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Theology

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An Eerdmans Reader in Contemporary Political Theology, edited by William T. Cavenaugh, Jeffrey W. Bailey and Craig Hovey (Eerdmans, 836 pp., $50.00 paperback). This large an­thology of 20th- and 21st-century readings in political theology is a gold mine of well-known and newer resources. The volume is helpfully organized by contemporary topics, ranging from “Reading the Bible Politically” to “After 9/11.” Each topic has its own introduction, and the editors made a concerted effort to include non-Western and women’s voices.

Towards a Jewish-Christian-Muslim Theology, by David B. Burrell (Wiley-Blackwell, 224 pp., $104.95). It is a shame that the price of this book will put it beyond the reach of many readers, because it collects the fruit of Burrell’s decades of patient attention to the intersections of the Abrahamic faiths in an especially thoughtful and accessible form. Moving back and forth between medieval and contemporary engagements among Jewish, Christian and Muslim theologians, Burrell does not dodge what he terms “neuralgic issues” about scripture and doctrine that divide the faiths. But he reminds us that dialogue “is between persons rather than doctrines” and urges a continuing quest for mutual understanding.

The Cross and the Lynching Tree, by James H. Cone (Orbis, 224 pp., $28.00). Cone, the senior founder of black liberation theology, calls this book “a continuation and culmination” of all his previous books. Arguing that Christians in the United States must see the cross and the lynching tree together, he indicts both American amnesia about the horrors of lynching and the Christian tendency to sanitize the cross by detaching it from the ongoing suffering and oppression of human beings. Tracing these themes through Reinhold Niebuhr, Martin Luther King Jr., W. E. B. Du Bois and Ida B. Wells, Cone’s searing analysis provides a deeper understanding of Christian identity in the United States and empowers those who claim this identity to stand against white supremacy and every kind of injustice.

Gathering Those Driven Away: A Theology of Incarnation, by Wendy Farley (Westminster John Knox, 256 pp., $30.00 paperback). Farley writes this christological meditation for those who have been driven away by the coercion and oppression of the mainstream institutions of the church. Ranging widely across Christian traditions, Farley gathers in the marginalized and alienated with her portrayal of Christ as Wisdom incarnate in human form, who even today inspires communities of consolation and solidarity. In the midst of unrelenting human suffering, Wisdom enters into the darkness with us and sustains our acts of justice and compassion.

The Language of Science and Faith: Straight Answers to Genuine Questions, by Karl W. Giberson and Francis S. Collins (IVP Books, 251 pp., $20.00). Giberson and Collins are professional scientists and devout Christians. In this informative and accessible book, they answer many questions about evolution and its relation to Christian faith. Overall, they argue that evolution provides “an extraordinary insight into the remarkable character of God’s creation.” A sequel to Collins’s earlier The Language of God, this book comes out of the educational work of the BioLogos Foundation.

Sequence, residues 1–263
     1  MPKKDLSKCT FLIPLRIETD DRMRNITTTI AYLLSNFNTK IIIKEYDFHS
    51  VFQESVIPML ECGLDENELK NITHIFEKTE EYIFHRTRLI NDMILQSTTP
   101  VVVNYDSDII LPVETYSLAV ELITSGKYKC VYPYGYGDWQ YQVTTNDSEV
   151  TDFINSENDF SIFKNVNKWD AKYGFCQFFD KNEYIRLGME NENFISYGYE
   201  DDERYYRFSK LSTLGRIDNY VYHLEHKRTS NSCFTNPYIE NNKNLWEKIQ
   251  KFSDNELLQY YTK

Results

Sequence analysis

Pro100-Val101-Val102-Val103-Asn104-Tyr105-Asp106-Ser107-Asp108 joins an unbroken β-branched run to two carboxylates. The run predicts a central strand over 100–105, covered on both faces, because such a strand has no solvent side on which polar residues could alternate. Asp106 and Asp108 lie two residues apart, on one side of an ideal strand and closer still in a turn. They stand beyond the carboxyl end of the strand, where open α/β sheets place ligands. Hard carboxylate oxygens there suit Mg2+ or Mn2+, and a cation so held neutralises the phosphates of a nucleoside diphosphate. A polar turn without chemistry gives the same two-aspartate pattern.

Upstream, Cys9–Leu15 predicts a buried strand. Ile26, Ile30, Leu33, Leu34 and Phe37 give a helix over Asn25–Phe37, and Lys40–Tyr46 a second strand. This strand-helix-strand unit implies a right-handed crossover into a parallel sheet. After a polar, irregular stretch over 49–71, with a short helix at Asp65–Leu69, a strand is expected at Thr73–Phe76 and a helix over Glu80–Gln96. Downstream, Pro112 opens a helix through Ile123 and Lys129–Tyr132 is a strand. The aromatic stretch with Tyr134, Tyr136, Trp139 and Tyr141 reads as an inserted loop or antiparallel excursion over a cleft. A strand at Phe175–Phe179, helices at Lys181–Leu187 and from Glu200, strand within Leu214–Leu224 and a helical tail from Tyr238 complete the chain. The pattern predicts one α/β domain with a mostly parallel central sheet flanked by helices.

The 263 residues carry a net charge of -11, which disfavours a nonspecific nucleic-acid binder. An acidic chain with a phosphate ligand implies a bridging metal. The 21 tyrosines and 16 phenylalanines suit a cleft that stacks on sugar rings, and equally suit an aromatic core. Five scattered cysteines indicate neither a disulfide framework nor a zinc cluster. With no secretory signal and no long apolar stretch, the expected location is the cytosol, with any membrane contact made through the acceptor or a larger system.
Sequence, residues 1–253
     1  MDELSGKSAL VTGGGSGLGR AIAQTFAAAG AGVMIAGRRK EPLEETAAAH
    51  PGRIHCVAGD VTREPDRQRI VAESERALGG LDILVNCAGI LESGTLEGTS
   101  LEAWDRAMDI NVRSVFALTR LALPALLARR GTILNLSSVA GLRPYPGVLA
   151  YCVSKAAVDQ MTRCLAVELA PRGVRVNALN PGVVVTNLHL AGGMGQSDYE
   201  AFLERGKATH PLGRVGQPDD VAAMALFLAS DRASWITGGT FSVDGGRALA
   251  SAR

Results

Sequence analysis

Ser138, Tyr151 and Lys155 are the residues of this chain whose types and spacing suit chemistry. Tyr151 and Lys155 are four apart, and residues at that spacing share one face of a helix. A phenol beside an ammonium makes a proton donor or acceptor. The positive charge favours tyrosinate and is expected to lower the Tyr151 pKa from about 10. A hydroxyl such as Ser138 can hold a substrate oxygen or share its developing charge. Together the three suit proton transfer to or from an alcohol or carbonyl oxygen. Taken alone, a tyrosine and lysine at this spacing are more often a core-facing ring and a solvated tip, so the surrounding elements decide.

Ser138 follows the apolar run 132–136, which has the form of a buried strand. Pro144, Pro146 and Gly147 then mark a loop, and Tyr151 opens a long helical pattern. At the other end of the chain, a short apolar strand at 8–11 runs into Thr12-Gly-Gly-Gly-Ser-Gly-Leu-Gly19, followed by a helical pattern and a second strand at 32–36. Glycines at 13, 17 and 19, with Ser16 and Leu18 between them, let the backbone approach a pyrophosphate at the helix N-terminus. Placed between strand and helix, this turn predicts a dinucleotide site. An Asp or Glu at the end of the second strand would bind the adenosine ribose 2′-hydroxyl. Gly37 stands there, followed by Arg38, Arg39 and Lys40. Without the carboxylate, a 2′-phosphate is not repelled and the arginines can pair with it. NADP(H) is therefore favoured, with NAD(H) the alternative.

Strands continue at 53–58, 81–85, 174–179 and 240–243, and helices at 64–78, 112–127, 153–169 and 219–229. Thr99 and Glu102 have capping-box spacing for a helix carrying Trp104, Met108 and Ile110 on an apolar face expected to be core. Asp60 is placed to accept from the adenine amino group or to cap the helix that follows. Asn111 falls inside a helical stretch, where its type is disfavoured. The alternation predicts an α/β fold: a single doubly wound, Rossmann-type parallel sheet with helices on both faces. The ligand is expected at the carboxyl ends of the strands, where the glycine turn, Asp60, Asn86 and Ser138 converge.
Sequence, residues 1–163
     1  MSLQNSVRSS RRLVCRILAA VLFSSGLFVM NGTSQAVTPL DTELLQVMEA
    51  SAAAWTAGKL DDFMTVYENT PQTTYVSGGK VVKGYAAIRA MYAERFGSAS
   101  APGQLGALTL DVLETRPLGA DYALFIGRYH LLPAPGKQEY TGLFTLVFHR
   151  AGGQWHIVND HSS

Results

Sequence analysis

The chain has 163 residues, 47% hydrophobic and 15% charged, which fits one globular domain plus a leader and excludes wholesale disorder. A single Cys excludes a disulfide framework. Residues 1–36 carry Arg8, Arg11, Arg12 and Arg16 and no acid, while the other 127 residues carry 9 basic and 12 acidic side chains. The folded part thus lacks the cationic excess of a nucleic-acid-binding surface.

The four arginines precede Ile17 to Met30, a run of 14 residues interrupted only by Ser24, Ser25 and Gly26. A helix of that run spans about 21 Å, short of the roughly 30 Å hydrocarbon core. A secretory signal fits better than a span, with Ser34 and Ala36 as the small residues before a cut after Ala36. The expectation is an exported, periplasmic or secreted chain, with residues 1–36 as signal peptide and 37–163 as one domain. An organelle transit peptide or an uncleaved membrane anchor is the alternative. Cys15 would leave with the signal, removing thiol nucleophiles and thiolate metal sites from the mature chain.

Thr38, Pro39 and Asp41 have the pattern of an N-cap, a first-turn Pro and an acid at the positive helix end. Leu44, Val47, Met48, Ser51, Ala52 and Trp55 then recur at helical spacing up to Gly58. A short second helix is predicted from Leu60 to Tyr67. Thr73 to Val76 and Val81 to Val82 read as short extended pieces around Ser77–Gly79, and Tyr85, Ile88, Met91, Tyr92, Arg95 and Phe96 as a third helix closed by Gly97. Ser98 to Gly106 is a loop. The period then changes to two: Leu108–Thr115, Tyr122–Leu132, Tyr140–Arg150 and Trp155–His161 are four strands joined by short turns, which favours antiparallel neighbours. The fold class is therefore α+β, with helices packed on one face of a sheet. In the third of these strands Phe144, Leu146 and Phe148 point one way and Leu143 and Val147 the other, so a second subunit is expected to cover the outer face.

Abraham Joshua Heschel: Essential Writings, selected and with an introduction by Susannah Heschel (Orbis, 192 pp., $20.00 paperback). The readings in this new volume in Orbis’s Modern Spiritual Masters series were selected and are poignantly introduced by Abraham Heschel’s daughter, Susannah Heschel, a professor of Jewish studies at Dartmouth College. Most of the selections are from well-known works, but some are published here for the first time. They address major events and conflicts of the 20th century, including the Shoah, Vietnam and U.S. racism. They also reflect Heschel’s engagement with basic concerns of religious faith, especially the practice of prayer.

Systematic Theology: Roman Catholic Perspectives, 2nd ed., edited by Francis Schüssler Fiorenza and John P. Galvin (Fortress, 704 pp., $49.00 paperback). This new edition of an introductory guide to contemporary Roman Catholic theology carries forward original emphases on the legacy of Vatican II, philosophical and hermeneutical movements, ecumenism and praxis in new ways. Written by prominent Roman Catholic theologians, the volume reflects the dynamism of contemporary Catholic perspectives on the doctrine and life of the church.

Dietrich Bonhoeffer’s “Letters and Papers from Prison”: A Biography, by Martin E. Marty (Princeton University Press, 288 pp., $24.95). Coming on the heels of the 2010 publication of the new edition of Bonhoeffer’s Letters and Papers from Prison in vol. 8 of Dietrich Bonhoeffer Works, Marty charts the enormous impact of these writings since their original posthumous publication in 1945. From American civil rights leaders to South African antiapartheid activists, from radical “death of God” theologians to socially conservative evangelicals, a diverse set of readers have drawn on these writings, which makes this book a fascinating account of many of the theological and social changes of the postwar period.

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